Near-Majority of US Banks Looking to Bolster Mobile Payments, Fintech Skills
If you’re amazed by the pace of development in mobile payments, then you’re not alone. I’ve been watching this market for years and it seems like there’s always something new cropping up. I’ve also noticed that the banks have been one of the biggest laggards on this front around. Starbucks has done more to advance mobile payments than some banks have, and when coffee shops are beating banks in financial technology (fintech), something’s wrong. A new study sent our way from Fraedom says that may not be the case much longer.
The Fraedom—a subsidiary of Visa—study notes that exactly half of US banks are out to improve their in-house technology operations. Just over a quarter—26 percent—are actively recruiting, while 24 percent are instead looking to partners to augment those skill sets.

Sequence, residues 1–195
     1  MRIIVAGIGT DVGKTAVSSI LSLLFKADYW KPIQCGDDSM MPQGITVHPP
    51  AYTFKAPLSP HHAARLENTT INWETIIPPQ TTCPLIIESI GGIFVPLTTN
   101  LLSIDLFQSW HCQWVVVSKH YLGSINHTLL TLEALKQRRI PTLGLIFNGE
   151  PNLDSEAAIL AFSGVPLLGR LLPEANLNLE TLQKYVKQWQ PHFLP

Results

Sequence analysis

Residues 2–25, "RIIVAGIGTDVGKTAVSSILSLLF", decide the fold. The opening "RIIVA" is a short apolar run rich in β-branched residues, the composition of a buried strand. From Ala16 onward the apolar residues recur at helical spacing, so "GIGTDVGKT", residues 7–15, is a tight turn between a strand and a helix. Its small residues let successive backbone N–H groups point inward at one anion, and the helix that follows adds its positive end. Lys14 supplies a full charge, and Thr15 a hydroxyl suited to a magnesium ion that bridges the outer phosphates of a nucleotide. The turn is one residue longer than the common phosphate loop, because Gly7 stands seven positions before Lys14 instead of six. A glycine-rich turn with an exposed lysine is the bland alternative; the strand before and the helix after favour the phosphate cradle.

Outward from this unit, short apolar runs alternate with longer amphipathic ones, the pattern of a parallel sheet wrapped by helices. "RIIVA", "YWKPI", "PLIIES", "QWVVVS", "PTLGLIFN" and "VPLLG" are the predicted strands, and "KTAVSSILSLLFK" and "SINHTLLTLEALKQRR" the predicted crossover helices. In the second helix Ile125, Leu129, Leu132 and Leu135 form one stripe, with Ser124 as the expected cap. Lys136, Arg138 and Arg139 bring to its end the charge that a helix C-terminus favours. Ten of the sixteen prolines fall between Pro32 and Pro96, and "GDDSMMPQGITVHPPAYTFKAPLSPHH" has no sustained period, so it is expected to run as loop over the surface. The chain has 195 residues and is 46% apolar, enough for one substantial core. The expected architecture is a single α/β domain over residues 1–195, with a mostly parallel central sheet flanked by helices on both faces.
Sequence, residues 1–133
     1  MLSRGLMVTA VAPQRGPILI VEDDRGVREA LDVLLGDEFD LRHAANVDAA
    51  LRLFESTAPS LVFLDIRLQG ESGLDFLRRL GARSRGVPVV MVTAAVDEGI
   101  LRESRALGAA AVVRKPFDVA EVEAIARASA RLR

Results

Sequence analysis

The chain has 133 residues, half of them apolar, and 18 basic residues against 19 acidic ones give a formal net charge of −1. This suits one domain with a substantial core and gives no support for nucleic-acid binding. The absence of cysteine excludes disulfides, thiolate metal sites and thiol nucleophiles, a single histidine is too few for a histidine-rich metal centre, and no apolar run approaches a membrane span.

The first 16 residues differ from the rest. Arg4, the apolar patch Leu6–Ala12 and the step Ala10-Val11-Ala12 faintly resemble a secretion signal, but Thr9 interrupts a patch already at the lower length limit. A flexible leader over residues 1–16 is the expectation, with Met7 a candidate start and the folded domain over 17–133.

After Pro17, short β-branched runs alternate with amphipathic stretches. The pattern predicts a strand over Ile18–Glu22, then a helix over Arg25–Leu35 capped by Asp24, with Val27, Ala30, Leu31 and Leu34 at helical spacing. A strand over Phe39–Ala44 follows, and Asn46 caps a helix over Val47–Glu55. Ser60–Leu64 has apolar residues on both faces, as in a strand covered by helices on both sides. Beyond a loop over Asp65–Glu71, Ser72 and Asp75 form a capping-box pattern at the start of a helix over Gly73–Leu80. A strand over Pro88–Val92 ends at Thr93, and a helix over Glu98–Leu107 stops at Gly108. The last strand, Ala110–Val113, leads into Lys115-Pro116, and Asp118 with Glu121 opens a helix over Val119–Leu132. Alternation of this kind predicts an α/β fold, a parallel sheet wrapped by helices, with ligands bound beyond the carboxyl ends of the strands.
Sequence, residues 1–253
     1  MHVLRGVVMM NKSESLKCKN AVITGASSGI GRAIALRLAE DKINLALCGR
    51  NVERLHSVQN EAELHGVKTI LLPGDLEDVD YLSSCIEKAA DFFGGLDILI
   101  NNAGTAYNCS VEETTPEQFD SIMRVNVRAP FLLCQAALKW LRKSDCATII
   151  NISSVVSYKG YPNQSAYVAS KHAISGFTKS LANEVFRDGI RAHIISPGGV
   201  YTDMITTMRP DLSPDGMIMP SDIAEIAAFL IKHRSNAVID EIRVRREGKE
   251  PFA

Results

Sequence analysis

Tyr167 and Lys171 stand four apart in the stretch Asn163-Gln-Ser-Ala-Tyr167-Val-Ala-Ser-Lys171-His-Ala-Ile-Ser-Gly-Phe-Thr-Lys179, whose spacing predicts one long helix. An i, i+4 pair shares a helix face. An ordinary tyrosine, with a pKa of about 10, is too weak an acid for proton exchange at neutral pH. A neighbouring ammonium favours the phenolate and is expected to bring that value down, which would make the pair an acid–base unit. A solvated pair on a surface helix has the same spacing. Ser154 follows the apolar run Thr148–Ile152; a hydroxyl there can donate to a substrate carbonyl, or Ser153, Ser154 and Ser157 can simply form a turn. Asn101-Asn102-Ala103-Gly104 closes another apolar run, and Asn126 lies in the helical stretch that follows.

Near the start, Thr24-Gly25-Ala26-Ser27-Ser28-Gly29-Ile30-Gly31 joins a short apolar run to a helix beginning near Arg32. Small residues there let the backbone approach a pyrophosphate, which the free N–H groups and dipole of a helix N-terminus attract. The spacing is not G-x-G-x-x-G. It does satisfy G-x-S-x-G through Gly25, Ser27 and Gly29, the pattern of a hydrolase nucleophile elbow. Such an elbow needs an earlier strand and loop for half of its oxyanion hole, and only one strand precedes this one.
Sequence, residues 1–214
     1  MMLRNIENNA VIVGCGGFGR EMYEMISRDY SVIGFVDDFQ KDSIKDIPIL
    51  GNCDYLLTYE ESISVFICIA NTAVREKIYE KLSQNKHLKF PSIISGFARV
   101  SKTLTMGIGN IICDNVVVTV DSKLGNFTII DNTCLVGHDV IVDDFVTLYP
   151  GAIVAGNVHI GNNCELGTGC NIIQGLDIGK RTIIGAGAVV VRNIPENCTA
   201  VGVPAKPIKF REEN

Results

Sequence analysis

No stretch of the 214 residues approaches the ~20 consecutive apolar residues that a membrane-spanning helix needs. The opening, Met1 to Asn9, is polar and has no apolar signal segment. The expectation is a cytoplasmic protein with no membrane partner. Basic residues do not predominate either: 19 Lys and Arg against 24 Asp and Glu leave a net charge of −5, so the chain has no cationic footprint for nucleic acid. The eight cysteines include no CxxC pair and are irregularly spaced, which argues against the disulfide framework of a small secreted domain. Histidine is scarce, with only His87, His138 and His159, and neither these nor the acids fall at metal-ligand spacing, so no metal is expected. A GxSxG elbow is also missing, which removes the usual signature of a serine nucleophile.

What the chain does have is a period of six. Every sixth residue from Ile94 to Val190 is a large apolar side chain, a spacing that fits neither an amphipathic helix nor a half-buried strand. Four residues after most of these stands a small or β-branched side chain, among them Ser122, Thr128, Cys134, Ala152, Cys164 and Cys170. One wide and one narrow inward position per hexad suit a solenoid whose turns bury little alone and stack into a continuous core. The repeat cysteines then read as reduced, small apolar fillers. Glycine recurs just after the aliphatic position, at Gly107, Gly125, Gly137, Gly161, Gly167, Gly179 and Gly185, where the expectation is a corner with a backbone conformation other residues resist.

Banks have some particular interests in that technology development, with 36 percent looking for technology risk analysts. Almost that same percentage, 34 percent, are looking for data scientists, and 24 percent are on the hunt for security specialists.
Yet banks are also looking to take better advantage of the talent they already have on hand. A full 70 percent of banks have changed their in-house training operations over the last five years, and 40 percent are also investing in external recruitment in that same time frame.
They’re not done yet, though; 32 percent of banks are putting greater emphasis on more and different internal training, 26 percent will be focusing on external recruitment, and 18 percent are poised to put completely new training schemes in play.
From here, it looks as if banks have picked up the gauntlet thrown down by the mobile payments and fintech community. For years, the market was dominated by original equipment manufacturers (OEMs) and smartphone makers, as well as individual retail concerns. After years of wondering why the banks weren’t stepping in, it’s clear they’re out to make up for the lost time.
The only question left to answer is if this is all too little, too late. With Google Pay, Apple Pay, Starbucks and others already holding the market pretty tightly—not to mention Zelle’s incredible success—it could indeed be too late for the banks to get involved.